However, if the current is a time-varying function, I(t), the calculation is more complicated. Instead, the average power is used. That is,

(where denotes the

mean of a function)

(

R is constant, and so it can be brought outside the average)

(by definition of RMS)

So, the RMS value, IRMS, of the function I(t) is the constant signal that yields the same average power dissipation.

__________________
"What others say about you reveals more about them, than it does you." Anon.
Register to Reply
Member

Join Date: Apr 2008
Posts: 9
#30
In reply to #29

Re: Effect of Frequency on Heater

04/21/2008 7:54 PM

Thanks Andy Germany for correct & fiiting reply to No.28

Register to Reply
Guru
Popular Science - Weaponology - New Member Safety - ESD - New Member Hobbies - Fishing - New Member

Join Date: Sep 2006
Location: Near Frankfurt am Main, Germany. 50.390866N, 8.884827E
Posts: 17996
Good Answers: 200
#31
In reply to #30

Re: Effect of Frequency on Heater

04/21/2008 8:25 PM

Thank you kind Sir!!

__________________
"What others say about you reveals more about them, than it does you." Anon.
Register to Reply
Guru

Join Date: Sep 2007
Location: Wrong end of the yellow brick road in Oz
Posts: 930
Good Answers: 15
#32
In reply to #28

Re: Effect of Frequency on Heater

04/21/2008 11:45 PM

+ve or -ve voltage across a resistive load will not make any differance, as resistive elements are non-polarised...

Well, not exactly true, .... when I was doing 1st year electronics, one of the brighter of the students asked which end of a resistor is positive and which is negative, so he knew which direction to insert it in the circuit.

I said that the gold tolerance band goes to the -ve of his circuit.

Then was promptly asked what happens if I needed to use it a AC circuit, I said he'd need to use the resistors with the Brown band, and make sure the 1st cycle went positive, or he'd have a problem.

__________________
Qn, Whats the differance between a Snake and a Onion? Ans, No one cries when you chop up a Snake
Register to Reply
Guru
Popular Science - Weaponology - New Member Safety - ESD - New Member Hobbies - Fishing - New Member

Join Date: Sep 2006
Location: Near Frankfurt am Main, Germany. 50.390866N, 8.884827E
Posts: 17996
Good Answers: 200
#33
In reply to #32

Re: Effect of Frequency on Heater

04/22/2008 5:46 AM

I wonder if he is still following your advice today?

__________________
"What others say about you reveals more about them, than it does you." Anon.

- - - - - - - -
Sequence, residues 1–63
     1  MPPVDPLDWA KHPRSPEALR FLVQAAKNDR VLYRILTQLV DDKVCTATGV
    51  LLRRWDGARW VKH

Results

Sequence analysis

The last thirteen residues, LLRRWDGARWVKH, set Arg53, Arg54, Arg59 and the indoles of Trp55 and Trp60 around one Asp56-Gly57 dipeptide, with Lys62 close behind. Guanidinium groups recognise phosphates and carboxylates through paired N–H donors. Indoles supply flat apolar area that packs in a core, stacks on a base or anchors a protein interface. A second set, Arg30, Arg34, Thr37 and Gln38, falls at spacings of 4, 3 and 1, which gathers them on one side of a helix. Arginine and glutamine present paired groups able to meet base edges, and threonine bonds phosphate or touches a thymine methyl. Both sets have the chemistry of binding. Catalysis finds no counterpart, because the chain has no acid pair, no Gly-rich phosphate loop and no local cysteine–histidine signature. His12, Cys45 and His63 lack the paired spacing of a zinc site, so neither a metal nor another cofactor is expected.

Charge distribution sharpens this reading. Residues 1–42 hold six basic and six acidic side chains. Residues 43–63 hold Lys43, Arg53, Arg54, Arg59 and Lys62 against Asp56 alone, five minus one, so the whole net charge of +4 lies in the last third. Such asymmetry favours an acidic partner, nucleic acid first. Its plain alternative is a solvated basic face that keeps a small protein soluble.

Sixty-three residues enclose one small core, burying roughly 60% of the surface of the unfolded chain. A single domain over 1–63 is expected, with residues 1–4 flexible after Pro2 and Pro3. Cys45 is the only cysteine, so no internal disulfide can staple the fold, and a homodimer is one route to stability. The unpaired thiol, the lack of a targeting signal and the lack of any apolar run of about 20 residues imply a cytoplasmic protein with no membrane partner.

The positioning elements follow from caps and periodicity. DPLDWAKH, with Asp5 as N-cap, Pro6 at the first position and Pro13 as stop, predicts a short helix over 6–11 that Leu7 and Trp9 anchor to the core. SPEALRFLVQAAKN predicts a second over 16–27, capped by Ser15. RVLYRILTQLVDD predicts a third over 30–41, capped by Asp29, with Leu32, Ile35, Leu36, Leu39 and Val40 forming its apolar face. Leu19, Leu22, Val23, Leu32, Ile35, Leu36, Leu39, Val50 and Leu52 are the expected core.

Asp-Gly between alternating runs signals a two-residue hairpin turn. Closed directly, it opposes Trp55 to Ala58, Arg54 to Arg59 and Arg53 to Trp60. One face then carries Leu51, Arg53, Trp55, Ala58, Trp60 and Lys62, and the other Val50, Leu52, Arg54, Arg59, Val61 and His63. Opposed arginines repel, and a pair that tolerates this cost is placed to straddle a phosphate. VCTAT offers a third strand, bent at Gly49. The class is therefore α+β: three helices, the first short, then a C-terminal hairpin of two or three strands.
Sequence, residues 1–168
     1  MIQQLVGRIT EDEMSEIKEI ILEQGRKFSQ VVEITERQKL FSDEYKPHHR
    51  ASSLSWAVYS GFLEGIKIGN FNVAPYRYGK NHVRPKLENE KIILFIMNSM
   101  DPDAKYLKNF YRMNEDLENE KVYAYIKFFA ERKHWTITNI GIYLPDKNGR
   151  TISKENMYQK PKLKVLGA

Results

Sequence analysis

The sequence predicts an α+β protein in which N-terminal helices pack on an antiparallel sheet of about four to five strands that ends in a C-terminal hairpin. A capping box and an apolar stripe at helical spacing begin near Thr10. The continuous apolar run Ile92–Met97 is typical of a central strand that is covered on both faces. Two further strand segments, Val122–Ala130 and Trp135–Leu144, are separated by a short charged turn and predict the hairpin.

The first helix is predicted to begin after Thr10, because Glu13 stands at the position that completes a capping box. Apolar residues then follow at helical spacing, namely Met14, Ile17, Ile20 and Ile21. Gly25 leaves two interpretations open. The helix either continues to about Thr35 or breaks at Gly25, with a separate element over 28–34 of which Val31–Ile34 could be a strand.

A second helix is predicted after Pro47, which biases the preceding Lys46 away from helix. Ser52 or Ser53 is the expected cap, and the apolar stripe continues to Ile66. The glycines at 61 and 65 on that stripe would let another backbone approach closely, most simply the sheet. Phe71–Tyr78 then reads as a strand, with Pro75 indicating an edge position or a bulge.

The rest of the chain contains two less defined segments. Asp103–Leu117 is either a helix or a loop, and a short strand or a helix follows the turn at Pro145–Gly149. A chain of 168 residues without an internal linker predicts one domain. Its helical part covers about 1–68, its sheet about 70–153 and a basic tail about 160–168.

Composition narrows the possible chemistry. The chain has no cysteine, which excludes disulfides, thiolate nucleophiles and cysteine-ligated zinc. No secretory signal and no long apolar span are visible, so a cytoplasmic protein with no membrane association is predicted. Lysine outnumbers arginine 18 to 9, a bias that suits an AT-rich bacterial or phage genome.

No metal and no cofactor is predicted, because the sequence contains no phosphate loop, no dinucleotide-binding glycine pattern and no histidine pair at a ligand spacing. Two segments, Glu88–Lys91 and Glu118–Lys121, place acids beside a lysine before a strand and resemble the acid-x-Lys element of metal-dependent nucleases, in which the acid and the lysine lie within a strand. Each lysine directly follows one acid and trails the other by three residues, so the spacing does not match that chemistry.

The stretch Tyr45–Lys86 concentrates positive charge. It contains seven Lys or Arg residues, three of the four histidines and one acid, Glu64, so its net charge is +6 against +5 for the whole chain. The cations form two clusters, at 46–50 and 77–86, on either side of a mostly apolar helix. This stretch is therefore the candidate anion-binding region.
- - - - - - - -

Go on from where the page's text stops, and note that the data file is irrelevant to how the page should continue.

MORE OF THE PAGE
Register to Reply
Guru

Join Date: Sep 2007
Location: Wrong end of the yellow brick road in Oz
Posts: 930
Good Answers: 15
#34
In reply to #33

Re: Effect of Frequency on Heater

04/29/2008 3:01 AM

I hope so, its the only way to learn....

post a wrong answer, and then you either get flamed, or you get at least 1 answer that will enlighten you how it should have been answered.... its easier than saying "I don't really know, but I'll give it a go anywayz"

__________________
Qn, Whats the differance between a Snake and a Onion? Ans, No one cries when you chop up a Snake
Register to Reply
Guru
Engineering Fields - Mechanical Engineering - New Member

Join Date: May 2008
Location: CHENNAI, TAMIL NADU, INDIA.
Posts: 1854
Good Answers: 64
#35

Re: Effect of Frequency on Heater

11/03/2013 1:41 AM

Dear Mr.Sunilwani,

Since you have mentioned HEATER - which is a Resistive Load, the frequency has NO IMPACT. If by chance some Inductance or Capacitance is found, then The Frequency variation will have an impact on the working.

DHAYANANDHAN.S

Register to Reply
Register to Reply 35 comments
Interested in this topic? By joining CR4 you can "subscribe" to
this discussion and receive notification when new comments are added.

Comments rated to be "almost" Good Answers:

Check out these comments that don't yet have enough votes to be "official" good answers and, if you agree with them, rate them!
Copy to Clipboard

Users who posted comments:

Abstract02 (1); Abu Khansa (1); Andy Germany (10); Anonymous Poster (4); dhayanandhan (1); ed fuzzyE kedz (1); IanR (2); Jens (1); Natwar Patel (1); nkrao (3); PWSlack (1); Shawn33 (1); Sisira (4); Snaketails (3); sunilwani (1)

Previous in Forum: Jerry McG   Next in Forum: Hoist brake problem

Advertisement